Adoption lawyers in Miami, FL, often have to address stepparent adoption inquiries. There is one surprisingly common question that frequently arises. This relates to whether the court must notify the biological father if the stepparent wishes to adopt the child. The answer to this will depend on the facts of the case. Here, we’ll look at one common scenario that we often deal with.
Dealing With Absent Fathers
A common case in point relates to a father who has been absent for most of his child’s life. In such cases, the parents never married, and the father’s name isn’t on the birth certificate. In practice, the father has abandoned his child, having failed to support, or see him or her for years. Meanwhile, the mother has married another man who can and wants to adopt the child. In a case like this, the court will probably not require the biological father to consent to an adoption. This applies if he has given no regular monetary support and has had no contact for more than one year.
How Is Abandonment of A Child Defined?
The law doesn’t require biological fathers to consent to a stepparent’s adoption of their children in abandonment cases. The definition of abandonment under Florida law is as follows:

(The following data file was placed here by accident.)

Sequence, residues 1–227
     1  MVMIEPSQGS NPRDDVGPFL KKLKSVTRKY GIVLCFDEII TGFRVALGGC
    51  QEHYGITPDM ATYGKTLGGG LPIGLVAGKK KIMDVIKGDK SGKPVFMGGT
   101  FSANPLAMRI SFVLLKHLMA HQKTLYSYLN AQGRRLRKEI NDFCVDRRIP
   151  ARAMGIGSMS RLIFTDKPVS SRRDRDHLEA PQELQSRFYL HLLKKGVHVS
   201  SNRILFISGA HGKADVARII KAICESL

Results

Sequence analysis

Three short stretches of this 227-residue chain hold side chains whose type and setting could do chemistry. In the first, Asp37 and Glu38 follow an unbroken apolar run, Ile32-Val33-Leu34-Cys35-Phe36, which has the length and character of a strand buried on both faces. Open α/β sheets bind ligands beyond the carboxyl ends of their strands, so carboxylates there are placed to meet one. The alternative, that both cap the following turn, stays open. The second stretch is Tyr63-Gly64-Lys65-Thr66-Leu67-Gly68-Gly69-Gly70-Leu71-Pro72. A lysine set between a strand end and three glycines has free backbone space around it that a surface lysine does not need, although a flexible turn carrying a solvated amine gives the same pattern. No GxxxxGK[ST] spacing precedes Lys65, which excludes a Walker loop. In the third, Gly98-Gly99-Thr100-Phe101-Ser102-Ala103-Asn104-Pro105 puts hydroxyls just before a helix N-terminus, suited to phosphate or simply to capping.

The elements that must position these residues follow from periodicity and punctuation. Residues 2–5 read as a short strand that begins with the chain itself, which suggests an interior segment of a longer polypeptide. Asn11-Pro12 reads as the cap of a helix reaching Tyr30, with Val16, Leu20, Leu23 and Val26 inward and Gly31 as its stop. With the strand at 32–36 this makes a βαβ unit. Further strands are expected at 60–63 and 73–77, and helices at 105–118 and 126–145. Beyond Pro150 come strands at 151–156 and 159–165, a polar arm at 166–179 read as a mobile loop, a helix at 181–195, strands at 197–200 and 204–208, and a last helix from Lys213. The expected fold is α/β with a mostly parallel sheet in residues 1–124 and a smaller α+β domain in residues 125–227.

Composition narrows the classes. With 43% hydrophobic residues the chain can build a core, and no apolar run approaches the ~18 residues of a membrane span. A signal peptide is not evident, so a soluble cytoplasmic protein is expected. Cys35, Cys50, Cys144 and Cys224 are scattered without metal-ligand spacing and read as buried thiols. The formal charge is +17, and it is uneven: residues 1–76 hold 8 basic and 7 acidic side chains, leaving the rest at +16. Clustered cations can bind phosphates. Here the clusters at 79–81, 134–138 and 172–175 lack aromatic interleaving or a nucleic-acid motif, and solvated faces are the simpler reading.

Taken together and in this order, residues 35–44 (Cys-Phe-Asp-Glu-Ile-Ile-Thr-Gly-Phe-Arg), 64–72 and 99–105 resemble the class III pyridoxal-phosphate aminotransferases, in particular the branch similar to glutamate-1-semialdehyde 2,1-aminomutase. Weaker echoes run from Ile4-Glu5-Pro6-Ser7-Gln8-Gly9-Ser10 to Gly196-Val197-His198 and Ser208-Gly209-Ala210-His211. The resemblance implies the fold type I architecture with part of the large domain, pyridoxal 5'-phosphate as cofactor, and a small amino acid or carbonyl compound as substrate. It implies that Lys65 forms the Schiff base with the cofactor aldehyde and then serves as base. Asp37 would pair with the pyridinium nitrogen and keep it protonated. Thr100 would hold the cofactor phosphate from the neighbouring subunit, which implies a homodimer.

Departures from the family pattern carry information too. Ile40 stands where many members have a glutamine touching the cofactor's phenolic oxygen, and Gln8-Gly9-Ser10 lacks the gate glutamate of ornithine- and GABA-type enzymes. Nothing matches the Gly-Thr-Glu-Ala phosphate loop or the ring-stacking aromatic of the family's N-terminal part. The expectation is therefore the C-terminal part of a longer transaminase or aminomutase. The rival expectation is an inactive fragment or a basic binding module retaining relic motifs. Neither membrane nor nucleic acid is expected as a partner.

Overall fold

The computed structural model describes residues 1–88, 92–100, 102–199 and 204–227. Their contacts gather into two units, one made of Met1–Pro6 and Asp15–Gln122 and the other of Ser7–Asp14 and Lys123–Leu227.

The parent of a child makes no provisions for the support of the child, although he can. The parent also fails to try to communicate with his child. This is evidence the parent has willfully rejected his parental obligations.
A court may also decide that any attempts to communicate with and support the child may be only marginal. The court may, therefore, declare the parent has abandoned the child in such cases.
In either event, the stepparent won’t need the birth father’s consent to adopt the child.
When a court has finalized an adoption, the adoptive parents and child form a legal parent/child relationship. Simultaneously, an adoption decree will terminate the parent/child relationship between the birth parents and adoptees.
Should a natural father waive his rights to consent by abandoning the child, no termination action is necessary. Conversely, though, if the father’s consent is necessary, but he refuses to give it, termination action is necessary. The court must carry out this action before the stepparent can adopt the child.
When Must A Biological Father Consent to An Adoption?
Under Florida law, it’s only necessary for a father to consent to an adoption if:
- The child was born or conceived while he and the child’s mother were married.
- He has already adopted the child.
- The courts have already established paternity.
- He has openly acknowledged he’s the father of the child. He must also have filed his acknowledgment with the Department of Health & Rehabilitative Services’ Office of Vital Statistics.
- He has supported the child customarily and repetitively.
Under Florida law, there’s nothing that says the father must maintain any sort of relationship with his child. However, the law still requires him to give consent to an adoption if the above criteria apply.